The genomic clone was used as a template for PCR amplification, with a sense primer at position -3,379 (5′-AAATTTGTCTGGATATAATGT-3′) and an anti-sense primer at position +630 (5′-GATGGGCACCCACAATGAGTCCTGTGTAT-3′), with "-1" being relative to the ATG translational start codon. We tried to incorporate the closest sequence (-1) just upstream of the ATG translation starting codon to make the total length as long as possible (up to ~4 kbp). PCR conditions were the following: 98°C for 5 min, 66°C for 30 sec, 68°C for 4 min and 30 sec for 30 cycles, and 68°C for 10 min.

Nkcc2 promoter.

We examined vectors as previously published by Dr. Peter Igarashi [17]. They two different, constructed proximal 5′-flanking region segments of the Nkcc2 gene constructs were cloned from PGL3 basic vectors (Promega, Madison, WI); one spanned positions -2,255 to -188 (construct named pNKCC2DI), and the other ran from positions -1,529 to -188 (construct named pNKCC2pvu). We also constructed a third promoter to be of a length intermediate between pNKCC2DI and pNKCC2pvu. The genomic clone was used as a template for PCR amplification, with a sense primer located at position -1,612 (5′- GCAATTAGCAAGGCAAGACAGTT-3′) and an anti-sense primer ending at position +9 (5′- CTCCCATGCAAACTTCAGAATG-3′). PCR conditions were the following: 95°C for 3 min, 62°C for 1 min, 68°C for 1 min and 40 sec for 30 cycles, and 68°C for 10 min.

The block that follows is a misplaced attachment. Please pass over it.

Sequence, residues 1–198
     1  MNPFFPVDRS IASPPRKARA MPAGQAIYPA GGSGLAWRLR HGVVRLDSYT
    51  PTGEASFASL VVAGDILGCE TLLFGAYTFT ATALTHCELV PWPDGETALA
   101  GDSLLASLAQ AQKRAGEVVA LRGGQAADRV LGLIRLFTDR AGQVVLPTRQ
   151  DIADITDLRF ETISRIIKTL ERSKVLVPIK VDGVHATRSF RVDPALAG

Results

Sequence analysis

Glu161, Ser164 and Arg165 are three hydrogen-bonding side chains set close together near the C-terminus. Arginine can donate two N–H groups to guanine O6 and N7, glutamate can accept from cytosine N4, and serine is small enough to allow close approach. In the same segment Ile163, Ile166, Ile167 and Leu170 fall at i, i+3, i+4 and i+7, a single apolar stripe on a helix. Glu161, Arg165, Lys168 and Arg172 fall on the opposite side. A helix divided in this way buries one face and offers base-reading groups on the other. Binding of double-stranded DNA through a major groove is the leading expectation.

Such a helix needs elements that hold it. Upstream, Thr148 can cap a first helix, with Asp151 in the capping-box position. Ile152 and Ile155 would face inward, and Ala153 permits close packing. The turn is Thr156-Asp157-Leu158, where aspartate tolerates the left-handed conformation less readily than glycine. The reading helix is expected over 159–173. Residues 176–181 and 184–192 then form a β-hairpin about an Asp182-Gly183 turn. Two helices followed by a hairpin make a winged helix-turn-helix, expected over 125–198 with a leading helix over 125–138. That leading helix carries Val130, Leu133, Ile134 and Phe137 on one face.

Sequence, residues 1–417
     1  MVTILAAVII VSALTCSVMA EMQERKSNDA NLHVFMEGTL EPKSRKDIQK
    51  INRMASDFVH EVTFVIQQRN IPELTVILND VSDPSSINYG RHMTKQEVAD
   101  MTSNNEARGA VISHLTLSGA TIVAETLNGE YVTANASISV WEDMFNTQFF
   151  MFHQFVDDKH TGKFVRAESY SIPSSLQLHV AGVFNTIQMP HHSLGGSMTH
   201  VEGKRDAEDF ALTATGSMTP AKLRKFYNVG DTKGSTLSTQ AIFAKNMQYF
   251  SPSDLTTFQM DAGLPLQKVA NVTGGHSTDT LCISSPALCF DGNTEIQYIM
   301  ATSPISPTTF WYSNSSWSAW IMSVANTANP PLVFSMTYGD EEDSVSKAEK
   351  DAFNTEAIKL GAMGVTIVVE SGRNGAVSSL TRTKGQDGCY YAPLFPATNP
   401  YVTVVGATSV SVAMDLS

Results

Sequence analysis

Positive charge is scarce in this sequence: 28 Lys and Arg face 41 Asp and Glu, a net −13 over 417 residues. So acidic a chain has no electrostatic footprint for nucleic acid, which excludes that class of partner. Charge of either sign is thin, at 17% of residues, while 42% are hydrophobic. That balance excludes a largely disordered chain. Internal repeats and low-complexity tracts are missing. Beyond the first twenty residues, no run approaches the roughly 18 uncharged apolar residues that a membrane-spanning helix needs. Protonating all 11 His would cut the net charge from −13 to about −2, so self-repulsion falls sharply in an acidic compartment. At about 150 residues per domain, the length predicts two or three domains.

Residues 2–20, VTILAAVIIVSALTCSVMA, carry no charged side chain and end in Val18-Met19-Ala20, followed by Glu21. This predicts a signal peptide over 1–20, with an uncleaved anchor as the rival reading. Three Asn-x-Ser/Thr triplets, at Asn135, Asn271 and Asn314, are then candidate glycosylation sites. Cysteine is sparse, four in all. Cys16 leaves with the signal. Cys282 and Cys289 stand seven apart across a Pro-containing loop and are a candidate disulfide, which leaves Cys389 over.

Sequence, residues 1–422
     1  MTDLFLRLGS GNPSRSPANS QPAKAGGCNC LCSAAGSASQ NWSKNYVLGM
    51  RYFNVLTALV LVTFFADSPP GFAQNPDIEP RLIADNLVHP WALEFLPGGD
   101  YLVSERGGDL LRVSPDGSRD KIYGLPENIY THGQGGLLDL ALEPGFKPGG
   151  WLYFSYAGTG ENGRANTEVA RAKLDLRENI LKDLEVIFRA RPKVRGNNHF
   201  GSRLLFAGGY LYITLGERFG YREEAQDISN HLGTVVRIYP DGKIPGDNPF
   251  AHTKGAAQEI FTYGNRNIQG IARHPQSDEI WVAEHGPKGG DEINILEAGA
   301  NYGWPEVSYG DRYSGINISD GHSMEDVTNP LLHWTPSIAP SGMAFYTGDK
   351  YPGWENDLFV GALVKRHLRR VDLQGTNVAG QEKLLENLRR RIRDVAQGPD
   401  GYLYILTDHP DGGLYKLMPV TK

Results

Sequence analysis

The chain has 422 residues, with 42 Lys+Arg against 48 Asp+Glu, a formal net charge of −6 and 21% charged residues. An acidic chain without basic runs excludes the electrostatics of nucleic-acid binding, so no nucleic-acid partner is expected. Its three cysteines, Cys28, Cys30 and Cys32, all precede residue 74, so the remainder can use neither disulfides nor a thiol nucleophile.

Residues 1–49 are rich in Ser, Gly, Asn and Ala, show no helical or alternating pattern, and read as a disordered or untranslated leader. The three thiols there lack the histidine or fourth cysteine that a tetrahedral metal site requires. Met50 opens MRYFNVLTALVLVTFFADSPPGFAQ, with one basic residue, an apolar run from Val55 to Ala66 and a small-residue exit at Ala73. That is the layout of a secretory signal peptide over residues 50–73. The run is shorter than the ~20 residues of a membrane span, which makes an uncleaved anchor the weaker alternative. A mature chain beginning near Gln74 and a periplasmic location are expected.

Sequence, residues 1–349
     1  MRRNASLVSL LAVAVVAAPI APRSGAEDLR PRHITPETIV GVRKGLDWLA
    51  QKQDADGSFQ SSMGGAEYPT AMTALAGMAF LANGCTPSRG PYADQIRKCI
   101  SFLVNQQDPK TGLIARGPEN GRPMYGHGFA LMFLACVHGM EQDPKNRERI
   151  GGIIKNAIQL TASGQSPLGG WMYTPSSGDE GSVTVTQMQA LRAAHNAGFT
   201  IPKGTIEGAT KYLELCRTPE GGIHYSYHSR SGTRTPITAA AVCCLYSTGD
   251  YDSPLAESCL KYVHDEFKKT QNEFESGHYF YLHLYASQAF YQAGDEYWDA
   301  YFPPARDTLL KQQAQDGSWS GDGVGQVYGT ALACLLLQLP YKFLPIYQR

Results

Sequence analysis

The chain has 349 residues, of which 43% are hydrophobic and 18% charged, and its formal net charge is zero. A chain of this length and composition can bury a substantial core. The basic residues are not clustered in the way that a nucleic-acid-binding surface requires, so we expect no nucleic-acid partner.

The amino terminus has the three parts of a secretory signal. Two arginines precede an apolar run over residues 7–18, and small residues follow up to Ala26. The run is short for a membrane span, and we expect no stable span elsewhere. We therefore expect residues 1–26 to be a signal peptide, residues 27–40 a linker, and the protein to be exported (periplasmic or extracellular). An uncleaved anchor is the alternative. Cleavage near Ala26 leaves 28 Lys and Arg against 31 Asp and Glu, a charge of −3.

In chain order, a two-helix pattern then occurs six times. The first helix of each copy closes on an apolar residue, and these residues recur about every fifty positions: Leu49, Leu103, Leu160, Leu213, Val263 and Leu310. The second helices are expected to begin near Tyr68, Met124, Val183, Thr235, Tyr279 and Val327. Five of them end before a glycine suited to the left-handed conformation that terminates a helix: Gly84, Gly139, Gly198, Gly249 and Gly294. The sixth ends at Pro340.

Aqp2 promoter.